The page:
Using self-identification rather than birthplace, the Pew Research Center calculated a population of 2.3 million Salvadorans (57 percent foreign-born), 1.4 million Guatemalans (60 percent foreign-born), 940,000 Hondurans (62 percent foreign-born), and 464,000 Nicaraguans (55 percent foreign-born) in the United States as of 2017. The foreign-born percentage is of interest because it shows the recent nature of the immigration: Central Americans have a much higher proportion of foreign-born than do Hispanics as a whole, for whom 33 percent were foreign-born in 2017. Sixty percent of immigrants born in Honduras were undocumented, along with 56 percent of those from Guatemala and 51 percent of those from El Salvador. The real figures are likely higher than what’s recorded in the census, because immigrants, especially those who are undocumented, are notoriously undercounted.

A much larger Mexican migration to the United States also grew rapidly during the same decades, with the Mexican-born population growing from well under a million in 1970 to close to 12 million in 2010. But Mexico’s migration slowed considerably after that, reaching “net zero” in 2011 and then reversing, so that the Mexican-born population shrank by some five hundred thousand by 2017. Mexicans continued to arrive—but even more were leaving.

A smaller number of Central Americans—some eight hundred thousand—relocated elsewhere in Central America during the decade of the 1980s. About 10 percent of them received benefits as recognized refugees. Some others received aid from religious and humanitarian NGOs; most struggled to reconstruct their lives without organized aid. Many of those who had relocated inside Central America, whether in refugee camps or at the margins of the mainstream, returned home after the various peace accords of the 1990s.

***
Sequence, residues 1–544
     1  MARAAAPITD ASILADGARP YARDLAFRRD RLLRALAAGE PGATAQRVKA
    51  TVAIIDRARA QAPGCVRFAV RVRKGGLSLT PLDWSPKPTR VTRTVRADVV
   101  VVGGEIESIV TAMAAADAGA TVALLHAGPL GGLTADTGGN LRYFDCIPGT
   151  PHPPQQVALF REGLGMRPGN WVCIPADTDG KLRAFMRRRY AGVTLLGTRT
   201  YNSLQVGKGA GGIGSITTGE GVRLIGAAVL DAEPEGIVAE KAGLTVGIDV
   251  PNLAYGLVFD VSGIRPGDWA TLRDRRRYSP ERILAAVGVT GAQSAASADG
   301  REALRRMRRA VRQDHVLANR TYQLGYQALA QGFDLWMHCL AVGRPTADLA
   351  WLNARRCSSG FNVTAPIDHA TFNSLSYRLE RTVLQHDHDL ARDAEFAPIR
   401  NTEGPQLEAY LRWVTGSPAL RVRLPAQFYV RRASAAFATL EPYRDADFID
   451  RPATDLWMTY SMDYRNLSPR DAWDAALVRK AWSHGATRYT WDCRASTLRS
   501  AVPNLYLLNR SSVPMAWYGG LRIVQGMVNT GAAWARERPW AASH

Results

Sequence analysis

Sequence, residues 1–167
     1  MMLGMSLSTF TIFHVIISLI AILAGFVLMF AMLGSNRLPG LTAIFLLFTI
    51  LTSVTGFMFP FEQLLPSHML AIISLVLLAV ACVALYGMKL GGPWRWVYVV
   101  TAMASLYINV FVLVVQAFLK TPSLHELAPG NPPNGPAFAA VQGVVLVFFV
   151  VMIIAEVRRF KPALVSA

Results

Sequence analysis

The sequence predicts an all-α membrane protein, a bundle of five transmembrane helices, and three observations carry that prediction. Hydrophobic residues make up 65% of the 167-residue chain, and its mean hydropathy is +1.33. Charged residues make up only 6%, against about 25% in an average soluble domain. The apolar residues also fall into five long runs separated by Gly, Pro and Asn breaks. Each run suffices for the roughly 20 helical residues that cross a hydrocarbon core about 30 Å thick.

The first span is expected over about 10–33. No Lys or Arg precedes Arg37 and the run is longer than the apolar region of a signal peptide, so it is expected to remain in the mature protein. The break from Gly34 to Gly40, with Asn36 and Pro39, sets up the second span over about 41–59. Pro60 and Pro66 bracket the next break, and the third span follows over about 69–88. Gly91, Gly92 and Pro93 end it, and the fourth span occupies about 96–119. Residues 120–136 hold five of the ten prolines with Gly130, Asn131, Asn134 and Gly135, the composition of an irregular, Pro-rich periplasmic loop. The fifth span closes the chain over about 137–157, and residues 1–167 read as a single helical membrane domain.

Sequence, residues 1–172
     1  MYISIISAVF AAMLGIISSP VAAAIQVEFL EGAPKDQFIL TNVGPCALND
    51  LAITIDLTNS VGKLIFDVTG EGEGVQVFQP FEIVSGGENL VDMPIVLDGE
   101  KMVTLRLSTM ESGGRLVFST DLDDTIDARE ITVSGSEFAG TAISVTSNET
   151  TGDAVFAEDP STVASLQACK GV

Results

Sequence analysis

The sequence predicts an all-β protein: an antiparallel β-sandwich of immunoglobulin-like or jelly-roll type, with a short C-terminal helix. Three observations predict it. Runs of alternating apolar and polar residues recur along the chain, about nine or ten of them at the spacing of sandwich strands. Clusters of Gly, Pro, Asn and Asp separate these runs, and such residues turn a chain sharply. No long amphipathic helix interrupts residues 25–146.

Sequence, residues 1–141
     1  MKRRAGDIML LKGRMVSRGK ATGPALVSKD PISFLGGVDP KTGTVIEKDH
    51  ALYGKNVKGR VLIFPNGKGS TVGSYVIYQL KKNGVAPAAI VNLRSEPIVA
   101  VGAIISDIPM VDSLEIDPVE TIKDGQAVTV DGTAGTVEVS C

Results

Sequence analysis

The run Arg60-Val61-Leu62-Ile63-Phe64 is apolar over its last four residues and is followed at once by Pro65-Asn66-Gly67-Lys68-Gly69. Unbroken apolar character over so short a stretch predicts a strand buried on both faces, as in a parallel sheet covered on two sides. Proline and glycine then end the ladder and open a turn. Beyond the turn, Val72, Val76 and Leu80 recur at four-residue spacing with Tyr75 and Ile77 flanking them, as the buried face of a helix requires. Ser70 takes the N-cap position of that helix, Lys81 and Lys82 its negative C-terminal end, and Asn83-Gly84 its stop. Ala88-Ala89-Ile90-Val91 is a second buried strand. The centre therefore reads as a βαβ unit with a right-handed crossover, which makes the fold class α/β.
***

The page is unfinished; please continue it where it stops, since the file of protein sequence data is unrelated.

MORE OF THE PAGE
The Legal Landscape of the United States

Contrary to the oft-repeated phrase that, in then president Barack Obama’s words, the United States has a “tradition of welcoming immigrants from around the world,” this is far from the case. It’s more accurate to say that, as a settler colonial nation, the United States has a tradition of welcoming white immigrants. This tradition began in its Declaration of Independence, which decried the British Crown’s restrictions on migration from Britain, and was reinforced with the new country’s first naturalization law in 1790 that offered entry and citizenship to “any Alien being a free white person,” and the post–Civil War naturalization law revision that extended its provisions to “Aliens of African nativity and to persons of African descent” (virtually none of whom at the time had the slightest desire or ability to migrate to the United States, a voyage that for Africans had historically meant enslavement, not freedom). The 1870 law explicitly excluded from welcome or naturalization those nonwhite immigrants who were actually arriving at that time: Chinese and Mexicans. Indeed, most of the world’s peoples, who were neither “white” nor “persons of African nativity,” were systematically refused entry to the United States on racial grounds until the mid-twentieth century.